With the downbeat of “Enough with the rallies, Mr. President,” the Star Tribune recently began an editorial that summarily dispensed with one of our most important constitutional rights. Unthinkingly liberal, frequently foolish, sometimes outright embarrassing, the Star Tribune editorial board reached a new and quite dangerous low in its hatred of President Trump.
The putative reason in calling for the end of such gatherings was Trump’s rally the other week in Phoenix. It was a tour de force of honesty. “It’s time to expose the crooked media deceptions,” Mr. Trump said. He added, “They’re very dishonest people.” The Star Tribune daily validates these observations.
The violence after the rally ended came exclusively from Antifa. The false narrative generated by Charlottesville was that a few extremists somehow embodied all Trump supporters. You may have noticed this is never said about Muslims when Islamic terrorists strike. Nor was it said when a Bernie Sanders supporter tried to kill Rep. Steve Scalise and before that, when another actually killed two people in Portland.
When Trump accurately said at the time that there was “violence on both sides” in Charlottesville, he was subjected to one of media’s fiercest, most sustained firestorms.
As we know, he was completely correct, with no less than Nancy Pelosi and Dianne Feinstein agreeing about Antifa and their trademark violence. At the time of the editorial, however, media had successfully obscured that fact with a false narrative, hence the Star Tribune’s call for shutting down free speech, political speech, in the name of “public safety.” The editorial notes there were no serious injuries after the Phoenix speech but one can practically read the disappointment between the lines.
The piece is so badly written I can only assume Patricia Lopez penned it.
The newspaper claimed that the rallies “serve little purpose” given that the next presidential election is not until 2020. This misses the very essence of free speech but here was a board that thinks too highly of themselves setting itself up as the arbiter of what rallies should be held, when and for what reasons. They’d have made good Loyalists in 1776.
“Wait until things calm down,” said part of the media that was stirring things up. The single greatest source of division in the country now comes from the mainstream media, impossibly angry to this day that they were unsuccessful in stopping Donald Trump from becoming president. Trump’s rallies are enormously effective and withering in their accurate portrayal of the media captured by the Regressive Left. No wonder the third rate minds on the editorial board would like to see them stop.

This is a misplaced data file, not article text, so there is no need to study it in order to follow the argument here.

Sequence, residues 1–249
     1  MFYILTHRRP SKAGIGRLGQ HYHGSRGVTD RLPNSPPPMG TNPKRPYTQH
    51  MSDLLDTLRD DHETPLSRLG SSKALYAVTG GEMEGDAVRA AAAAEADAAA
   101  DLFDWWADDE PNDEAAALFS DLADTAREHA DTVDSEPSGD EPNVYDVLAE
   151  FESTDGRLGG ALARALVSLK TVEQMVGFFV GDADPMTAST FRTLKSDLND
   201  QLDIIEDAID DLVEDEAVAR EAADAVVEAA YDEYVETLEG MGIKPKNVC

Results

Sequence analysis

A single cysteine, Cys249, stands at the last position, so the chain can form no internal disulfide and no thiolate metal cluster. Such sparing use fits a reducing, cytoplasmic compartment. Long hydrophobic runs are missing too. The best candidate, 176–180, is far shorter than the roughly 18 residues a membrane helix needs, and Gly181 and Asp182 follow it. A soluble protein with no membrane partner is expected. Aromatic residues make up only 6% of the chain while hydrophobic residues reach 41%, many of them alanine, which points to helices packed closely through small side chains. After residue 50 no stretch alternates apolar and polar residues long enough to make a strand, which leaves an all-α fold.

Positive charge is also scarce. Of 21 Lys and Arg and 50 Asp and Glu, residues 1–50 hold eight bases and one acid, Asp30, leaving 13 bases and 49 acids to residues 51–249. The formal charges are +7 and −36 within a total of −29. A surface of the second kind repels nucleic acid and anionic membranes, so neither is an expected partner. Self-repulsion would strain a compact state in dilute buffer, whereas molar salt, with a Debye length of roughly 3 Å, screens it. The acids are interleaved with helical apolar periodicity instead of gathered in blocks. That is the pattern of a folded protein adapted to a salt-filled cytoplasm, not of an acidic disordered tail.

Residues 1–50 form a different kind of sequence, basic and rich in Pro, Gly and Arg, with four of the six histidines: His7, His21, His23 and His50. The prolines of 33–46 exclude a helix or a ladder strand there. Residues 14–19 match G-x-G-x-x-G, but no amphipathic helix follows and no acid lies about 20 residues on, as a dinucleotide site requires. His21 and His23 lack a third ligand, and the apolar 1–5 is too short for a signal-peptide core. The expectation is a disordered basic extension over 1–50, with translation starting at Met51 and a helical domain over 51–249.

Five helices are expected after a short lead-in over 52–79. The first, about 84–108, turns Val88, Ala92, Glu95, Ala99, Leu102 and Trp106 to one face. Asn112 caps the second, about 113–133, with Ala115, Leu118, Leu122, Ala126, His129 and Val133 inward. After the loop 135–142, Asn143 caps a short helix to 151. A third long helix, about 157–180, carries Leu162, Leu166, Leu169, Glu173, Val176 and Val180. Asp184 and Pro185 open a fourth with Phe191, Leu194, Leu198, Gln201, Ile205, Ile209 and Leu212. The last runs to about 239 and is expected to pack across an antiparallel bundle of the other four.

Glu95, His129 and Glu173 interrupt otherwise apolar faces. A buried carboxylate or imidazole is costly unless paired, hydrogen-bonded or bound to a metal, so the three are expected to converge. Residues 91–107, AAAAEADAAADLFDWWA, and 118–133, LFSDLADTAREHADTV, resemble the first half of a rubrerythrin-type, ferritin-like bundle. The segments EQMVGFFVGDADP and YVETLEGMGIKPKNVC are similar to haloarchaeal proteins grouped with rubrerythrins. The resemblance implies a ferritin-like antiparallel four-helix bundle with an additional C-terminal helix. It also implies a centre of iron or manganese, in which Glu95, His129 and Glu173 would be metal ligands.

The editorial even includes fake news, as if to prove the comprehensively dishonest nature of all things Star Tribune. Falsely, it claimed that the Secret Service’s budget was practically spent because of Trump’s travels, which of course would include rallies. In fact, the Secret Service said the “issue is not one that can be attributed to the current Administration” and that it “has been an ongoing issue for nearly a decade.”
Leave it to the Star Tribune editorial board to limit your constitutional rights while feeding you fake news. If a correction has been issued, I’ve missed it.
Organized opposition on the Regressive Left means that things won’t calm down, a constant state of boil being the goal. The Star Tribune launched a war on the First Amendment by endorsing what is known as the heckler’s veto, where one or a few can negate the free speech rights of many others. The Supreme Court has uniformly and consistently rejected this idea.
The Star Tribune recently announced that it was collaborating with the far left special interest group “ProPublica” in seeking out and destroying “hate speech.” There is no such thing in American law and recently the Supreme Court unanimously reaffirmed this in its “Slants” ruling. These are political goals advanced by dangerous idealogues masquerading as an impartial newspaper.
Media are in no position to give dispensation, or condemnation, as to what is or isn’t permissible speech. Everyone, not just editorial boards, is free to find some speech obnoxious, repulsive or anything else. But no one, so far, has any standing to say that that speech must not be allowed.
The stakes are rather high for the future of the country. We see far too often individuals in Europe being prosecuted for opinions the authorities have declared off limits. Corporate media, Facebook, Twitter, YouTube and other internet platforms are controlled by people who would like to bring this totalitarian approach to free speech to America.
Pretentiously, after last year’s election the “Amazon Washington Post” developed it’s own tagline “democracy dies in darkness.” But that isn’t entirely true, as the Star Tribune’s editorial and ongoing war on free speech demonstrates.
Democracy can die in the open, in the light and with the advocates of its murder thinking themselves deserving of approval.
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In addition to Alpha News, John Gilmore is also a contributor to The Hill. He is the founder and executive director of Minnesota Media Monitor.™ He blogs at MinnesotaConservatives.org and is on Twitter under @Shabbosgoy.
With respect to last Sunday’s column, Gilmore would like to thank Cole Mathisen, for reasons well known to him.